Then something weird happened. A publisher I had written a short-story for went out of business. Which is a shame, I never like to see that happen. But I really loved the story. It was called Sex, Lies, and Inventions, and it was set in a steampunk version of London, where the heroine was a lovesick laboratory assistant to a distracted inventor. Suddenly, this publisher goes out of business, and I own the story again. It’s mine. I can do whatever I want with it. I can spend more time with the characters (it was written as part of an anthology, so I had a word limit when I wrote it). No one but me owned the characters anymore.
Granted, if I had paid better attention to my contract, I would have seen that I owned the rights to the characters and world anyway, but I work with a lot of different publishers and sometimes I get their terms all mixed up.
But I digress. When that happened, I had this weird pang. I was like, “If I sell the sequels to The Boss to a big publisher, they’ll own my work. They could decide that if one book didn’t sell well enough, they wouldn’t finish the series. I wouldn’t finish the series. Readers wouldn’t get to finish the series. This could all be taken away from me.” And that was a terrifying thought, because right now? I’m the happiest I have ever been in my writing career. I’m so enjoying writing this book, I don’t want to give it to someone else. I want to give it to readers who will love the characters as much as I do. So far, so good, for the most part.
Let’s not kid ourselves here, folks. The publishing industry doesn’t care about how much you or I love a book or the characters in it, if they’re not making any money. It seems like lately, they don’t even care if a book is even the real work of an author, or another author’s work with the names changed. This might sound like sour grapes from an author who wasn’t good enough to make it big in the business, and you know what? some of it is. I can freely admit that. Would I like to have the biggest selling book of all time, to never have to worry about where I’m going to get money for my kid to go on a field trip, let alone go to college? Who the fuck wouldn’t?
Fast forward to that conversation I had with my sister-in-law, and her response, that video above. I don’t have to work with people who feel that the only value I have is the money they can make off my creations. I don’t have to put up with that shit, when there are people out there saying, “We want to give you money so that we can read your work.” You know what made me uncomfortable about the idea of donations or a “pay what you want” model of publishing? The fact that I wasn’t fulfilling traditional expectations, expectations that I felt obligated to fulfill if I wanted to be a “real” writer. Totally hypocritical, coming from someone who acts like she’s all, “fuck traditional expectations, let’s go crazy and do mushrooms in the desert yaaaargh!” I was the person in the car, yelling “Get a job!” and I was the eight-foot bride on the sidewalk.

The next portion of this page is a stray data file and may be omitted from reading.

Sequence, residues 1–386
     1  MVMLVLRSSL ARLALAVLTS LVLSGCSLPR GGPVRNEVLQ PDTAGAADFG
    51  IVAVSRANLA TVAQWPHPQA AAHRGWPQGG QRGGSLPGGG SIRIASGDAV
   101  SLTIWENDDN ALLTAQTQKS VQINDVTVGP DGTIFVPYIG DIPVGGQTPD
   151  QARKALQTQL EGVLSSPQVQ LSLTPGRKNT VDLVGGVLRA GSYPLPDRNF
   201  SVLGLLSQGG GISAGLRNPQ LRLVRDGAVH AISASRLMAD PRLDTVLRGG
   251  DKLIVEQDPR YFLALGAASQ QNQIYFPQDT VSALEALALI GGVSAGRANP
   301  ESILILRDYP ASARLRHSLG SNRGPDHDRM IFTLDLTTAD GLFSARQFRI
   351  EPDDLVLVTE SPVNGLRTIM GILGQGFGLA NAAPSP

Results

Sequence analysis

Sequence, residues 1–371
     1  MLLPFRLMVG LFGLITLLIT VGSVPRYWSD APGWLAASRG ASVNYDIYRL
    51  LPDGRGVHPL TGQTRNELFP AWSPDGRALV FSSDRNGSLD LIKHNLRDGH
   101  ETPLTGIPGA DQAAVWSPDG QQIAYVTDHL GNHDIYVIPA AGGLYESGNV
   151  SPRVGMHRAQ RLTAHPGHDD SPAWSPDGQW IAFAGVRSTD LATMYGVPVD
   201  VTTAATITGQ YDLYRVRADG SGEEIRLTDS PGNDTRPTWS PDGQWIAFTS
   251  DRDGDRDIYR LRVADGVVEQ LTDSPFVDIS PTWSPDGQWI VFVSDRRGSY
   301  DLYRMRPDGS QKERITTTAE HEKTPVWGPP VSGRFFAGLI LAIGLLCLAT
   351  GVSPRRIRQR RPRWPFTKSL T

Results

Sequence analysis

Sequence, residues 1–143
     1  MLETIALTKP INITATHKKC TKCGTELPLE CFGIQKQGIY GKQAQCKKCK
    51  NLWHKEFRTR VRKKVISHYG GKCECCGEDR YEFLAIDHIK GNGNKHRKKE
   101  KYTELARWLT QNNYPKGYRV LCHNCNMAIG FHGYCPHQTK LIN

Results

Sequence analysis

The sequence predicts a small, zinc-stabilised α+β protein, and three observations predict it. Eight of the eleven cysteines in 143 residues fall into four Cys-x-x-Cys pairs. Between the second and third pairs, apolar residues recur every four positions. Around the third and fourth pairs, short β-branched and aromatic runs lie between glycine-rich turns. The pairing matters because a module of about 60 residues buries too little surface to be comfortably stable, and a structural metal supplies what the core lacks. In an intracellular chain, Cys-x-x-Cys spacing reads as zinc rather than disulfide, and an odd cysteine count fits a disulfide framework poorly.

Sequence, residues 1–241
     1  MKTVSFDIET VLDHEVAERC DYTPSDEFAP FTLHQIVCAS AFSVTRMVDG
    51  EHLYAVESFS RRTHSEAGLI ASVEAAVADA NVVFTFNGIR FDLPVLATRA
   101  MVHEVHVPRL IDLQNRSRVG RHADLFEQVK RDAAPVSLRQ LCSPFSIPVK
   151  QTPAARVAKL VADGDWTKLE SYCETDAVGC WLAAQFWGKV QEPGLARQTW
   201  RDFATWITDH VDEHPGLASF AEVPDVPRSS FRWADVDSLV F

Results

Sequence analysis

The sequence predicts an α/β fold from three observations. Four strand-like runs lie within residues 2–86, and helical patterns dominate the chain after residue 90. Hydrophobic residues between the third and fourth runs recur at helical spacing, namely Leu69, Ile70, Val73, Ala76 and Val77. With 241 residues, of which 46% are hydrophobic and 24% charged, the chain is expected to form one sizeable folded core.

So, here’s my revised career plan, folks. I had planned three sequels to The Boss. Rather than trying to sell them through the traditional publishing model, I’ll be releasing them as e-books, with a “pay what you feel is fair” model. My hope is to have the sequel, The Girlfriend, available this summer, as close to the end of The Boss as is possible. More to come on that one. That will be followed by The Bride, then The Baby in 2014. Don’t freak out at those titles. They’re not spoilers, or an indication of the books following some anti-feminist, heteronormative path. The titles are red herrings, and you’ll just have to read them to find out how.
I’ll also be re-releasing the original Sex, Lies, and Inventions short story under this same plan, and later expanding it to be a full-length novel. Another book, a blend of the fantasy and erotica genres, should follow in 2014, but it’s hard to project that far out, since I still have traditional contracts to make good on. What I’m getting at is, I’m going to continue writing for myself, sharing it with people who want it, and I’m going to stop being afraid that I’m a failure, or doing something “unjoblike” if this is how I carry out future projects.
I’m so glad my sister-in-law kicked me in the ass and sent me that video. I am not the easiest person to be friends with, so the fact that she made the effort to see through my bullshit insecurity and tell me something I really needed to hear touches me deeply.
And I want to express my gratitude to Amanda Palmer, even though it’s unlikely that she trolls random writer blogs looking for a mention of her name. She seems like a pretty busy person. Hopefully, through some sub-particle level of universal connectedness, she already feels the intense change she has no doubt inspired countless people to embrace. She has changed my life, lifted a burden of fear from me, and given me the courage to stop chasing commercial success, and start chasing happiness in creating.